Charlotte food pantry gets refrigeratorsCHARLOTTE — Catholic Charities Diocese of Charlotte's food pantry in Charlotte now offers perishable goods to clients, thanks to several refrigerators that were recently set up in the pantry at the Diocesan Pastoral Center in Charlotte. Catholic...
Asheville parishioners honor Father Thomas on his 40th anniversary as priestASHEVILLE — Member of Asheville's historic St. Lawrence Basilica filled the church's Laurentine Hall recently to honor their pastor, Father Wilbur Thomas, on his 40th anniversary as a priest. Pictured: Father Wilbur Thomas, pastor and rector...
Holy Cross in Kernersville responds to call for life, liberty and marriageKERNERSVILLE — Parishioners at Holy Cross Church in Kernersville have been active in the U.S. bishops' campaign "Call to Prayer for Life, Marriage and Religious Liberty" that began earlier this year. The campaign launched by the U.S. Conference...
Consecration to the Sacred HeartHUNTERSVILLE — Latino Catholics gathered at St. Mark Church in Huntersville on March 25, the Feast of the Annunciation, for consecration to the Sacred Heart of Jesus through Mary. A similar gathering was held on Dec, 8, the Feast of the Immaculate...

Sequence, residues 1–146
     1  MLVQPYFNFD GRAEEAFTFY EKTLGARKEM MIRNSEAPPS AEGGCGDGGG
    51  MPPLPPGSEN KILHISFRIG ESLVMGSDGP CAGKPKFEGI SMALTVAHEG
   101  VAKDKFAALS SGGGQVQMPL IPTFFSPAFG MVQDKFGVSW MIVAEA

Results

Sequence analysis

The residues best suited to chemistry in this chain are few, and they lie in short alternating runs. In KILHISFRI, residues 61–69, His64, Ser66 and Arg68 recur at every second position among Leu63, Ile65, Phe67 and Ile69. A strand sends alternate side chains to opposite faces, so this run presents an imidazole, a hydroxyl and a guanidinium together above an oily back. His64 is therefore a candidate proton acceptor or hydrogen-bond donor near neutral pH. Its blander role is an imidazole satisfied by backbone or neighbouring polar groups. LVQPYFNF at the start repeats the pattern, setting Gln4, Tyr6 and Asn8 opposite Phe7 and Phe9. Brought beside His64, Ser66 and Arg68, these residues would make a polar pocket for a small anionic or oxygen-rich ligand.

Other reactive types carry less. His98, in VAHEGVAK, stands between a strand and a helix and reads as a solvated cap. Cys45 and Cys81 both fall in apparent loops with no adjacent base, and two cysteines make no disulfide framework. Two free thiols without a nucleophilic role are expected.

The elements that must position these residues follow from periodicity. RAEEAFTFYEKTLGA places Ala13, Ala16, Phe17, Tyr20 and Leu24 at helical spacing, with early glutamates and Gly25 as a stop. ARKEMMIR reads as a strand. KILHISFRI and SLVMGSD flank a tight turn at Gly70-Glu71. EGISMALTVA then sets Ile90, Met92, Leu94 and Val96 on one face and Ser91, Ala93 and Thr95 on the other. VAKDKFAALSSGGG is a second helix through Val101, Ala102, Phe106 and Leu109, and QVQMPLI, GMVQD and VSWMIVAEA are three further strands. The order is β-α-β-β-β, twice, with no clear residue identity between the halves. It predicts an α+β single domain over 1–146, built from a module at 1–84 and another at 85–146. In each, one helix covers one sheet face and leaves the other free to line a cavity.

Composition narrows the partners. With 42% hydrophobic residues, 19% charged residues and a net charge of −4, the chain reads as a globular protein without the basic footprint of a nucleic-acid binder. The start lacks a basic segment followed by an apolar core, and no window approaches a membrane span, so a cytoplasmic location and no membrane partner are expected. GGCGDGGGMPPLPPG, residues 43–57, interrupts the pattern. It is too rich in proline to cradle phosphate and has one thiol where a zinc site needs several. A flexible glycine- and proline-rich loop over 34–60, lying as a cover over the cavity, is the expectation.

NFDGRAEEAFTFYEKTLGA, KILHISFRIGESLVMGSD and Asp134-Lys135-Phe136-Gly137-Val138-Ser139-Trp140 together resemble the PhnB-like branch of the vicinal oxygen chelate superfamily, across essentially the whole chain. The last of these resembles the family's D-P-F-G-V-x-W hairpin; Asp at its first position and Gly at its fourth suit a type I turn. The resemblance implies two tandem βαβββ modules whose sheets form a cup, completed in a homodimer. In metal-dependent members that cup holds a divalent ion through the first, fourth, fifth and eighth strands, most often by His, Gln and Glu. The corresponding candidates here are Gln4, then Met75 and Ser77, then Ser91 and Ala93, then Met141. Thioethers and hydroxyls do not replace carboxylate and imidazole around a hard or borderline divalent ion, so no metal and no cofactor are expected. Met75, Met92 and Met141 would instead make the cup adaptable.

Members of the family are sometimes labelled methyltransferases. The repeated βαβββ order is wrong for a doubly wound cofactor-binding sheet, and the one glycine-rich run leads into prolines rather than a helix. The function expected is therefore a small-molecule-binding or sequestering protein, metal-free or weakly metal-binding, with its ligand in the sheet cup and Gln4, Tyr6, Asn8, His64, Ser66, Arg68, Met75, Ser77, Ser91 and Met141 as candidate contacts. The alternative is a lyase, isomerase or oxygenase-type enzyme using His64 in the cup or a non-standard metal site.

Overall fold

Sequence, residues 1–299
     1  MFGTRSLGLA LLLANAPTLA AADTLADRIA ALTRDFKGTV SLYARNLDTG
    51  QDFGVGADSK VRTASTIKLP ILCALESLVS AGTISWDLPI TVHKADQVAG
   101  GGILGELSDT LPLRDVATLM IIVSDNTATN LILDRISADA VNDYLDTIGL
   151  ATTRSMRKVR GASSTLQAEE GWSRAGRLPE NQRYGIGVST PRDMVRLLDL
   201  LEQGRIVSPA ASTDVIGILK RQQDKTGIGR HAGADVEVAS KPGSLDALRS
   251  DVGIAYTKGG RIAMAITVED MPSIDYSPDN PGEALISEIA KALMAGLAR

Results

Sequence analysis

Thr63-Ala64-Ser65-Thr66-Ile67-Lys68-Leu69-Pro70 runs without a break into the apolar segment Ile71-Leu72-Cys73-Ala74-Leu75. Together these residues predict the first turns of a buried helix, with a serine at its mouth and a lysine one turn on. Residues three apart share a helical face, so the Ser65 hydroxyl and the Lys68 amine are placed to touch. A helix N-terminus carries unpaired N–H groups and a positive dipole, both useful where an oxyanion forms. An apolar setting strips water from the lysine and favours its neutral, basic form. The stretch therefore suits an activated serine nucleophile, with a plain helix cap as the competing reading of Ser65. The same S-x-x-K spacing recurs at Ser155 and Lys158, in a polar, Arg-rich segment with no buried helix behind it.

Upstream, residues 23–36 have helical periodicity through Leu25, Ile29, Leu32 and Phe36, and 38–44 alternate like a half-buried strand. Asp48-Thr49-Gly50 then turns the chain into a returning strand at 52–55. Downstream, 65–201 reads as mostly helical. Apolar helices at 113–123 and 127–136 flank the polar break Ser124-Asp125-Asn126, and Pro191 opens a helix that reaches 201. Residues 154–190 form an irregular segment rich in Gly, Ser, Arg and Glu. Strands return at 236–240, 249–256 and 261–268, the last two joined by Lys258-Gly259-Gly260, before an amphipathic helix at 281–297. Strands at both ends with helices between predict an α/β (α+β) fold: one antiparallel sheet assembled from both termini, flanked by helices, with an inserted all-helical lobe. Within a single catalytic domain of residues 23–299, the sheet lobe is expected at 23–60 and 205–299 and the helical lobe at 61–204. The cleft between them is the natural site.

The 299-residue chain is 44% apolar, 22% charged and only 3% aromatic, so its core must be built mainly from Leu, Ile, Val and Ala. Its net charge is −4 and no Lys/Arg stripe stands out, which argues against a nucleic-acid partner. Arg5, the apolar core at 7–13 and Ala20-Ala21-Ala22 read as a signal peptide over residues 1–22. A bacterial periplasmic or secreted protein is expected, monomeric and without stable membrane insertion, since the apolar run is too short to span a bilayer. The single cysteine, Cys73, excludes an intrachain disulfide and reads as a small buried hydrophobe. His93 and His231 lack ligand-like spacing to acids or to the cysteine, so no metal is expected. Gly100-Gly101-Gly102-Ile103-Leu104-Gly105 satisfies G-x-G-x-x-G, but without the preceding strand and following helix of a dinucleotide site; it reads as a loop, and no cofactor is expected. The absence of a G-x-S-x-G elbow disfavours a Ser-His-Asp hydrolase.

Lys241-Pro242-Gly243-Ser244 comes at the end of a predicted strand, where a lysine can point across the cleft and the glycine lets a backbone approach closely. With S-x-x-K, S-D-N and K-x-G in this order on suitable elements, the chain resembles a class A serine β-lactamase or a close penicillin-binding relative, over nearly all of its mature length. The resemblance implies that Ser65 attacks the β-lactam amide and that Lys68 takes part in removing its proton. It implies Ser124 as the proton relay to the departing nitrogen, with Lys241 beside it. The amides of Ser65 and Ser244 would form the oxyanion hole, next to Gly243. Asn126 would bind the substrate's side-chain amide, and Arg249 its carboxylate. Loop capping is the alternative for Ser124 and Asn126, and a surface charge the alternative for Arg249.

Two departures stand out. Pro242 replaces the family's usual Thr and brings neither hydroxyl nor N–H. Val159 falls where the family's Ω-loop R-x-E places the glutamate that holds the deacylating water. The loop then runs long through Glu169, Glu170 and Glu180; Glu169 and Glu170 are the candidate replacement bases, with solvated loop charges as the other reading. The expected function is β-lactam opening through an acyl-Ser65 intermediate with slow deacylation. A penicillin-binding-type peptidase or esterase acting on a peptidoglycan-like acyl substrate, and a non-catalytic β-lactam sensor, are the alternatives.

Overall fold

St. John of Avila, diocesan priest, graces Our Lady of Lourdes ChapelMONROE — Thanks to an anonymous donor and the work of a talented North Carolina artist, parishioners of Our Lady of Lourdes Church have an original commissioned image of St. John of Avila in the Our Lady of Lourdes Chapel. Father Benjamin...
Sacraments celebrated at St. Elizabeth of the Hill CountryBOONE — On May 1, 22 young adults at the parish received the sacrament of confirmation during Mass at St. Elizabeth of the Hill Country Church in Boone celebrated by Bishop Peter J. Jugis. Eight children received their first Holy Communion...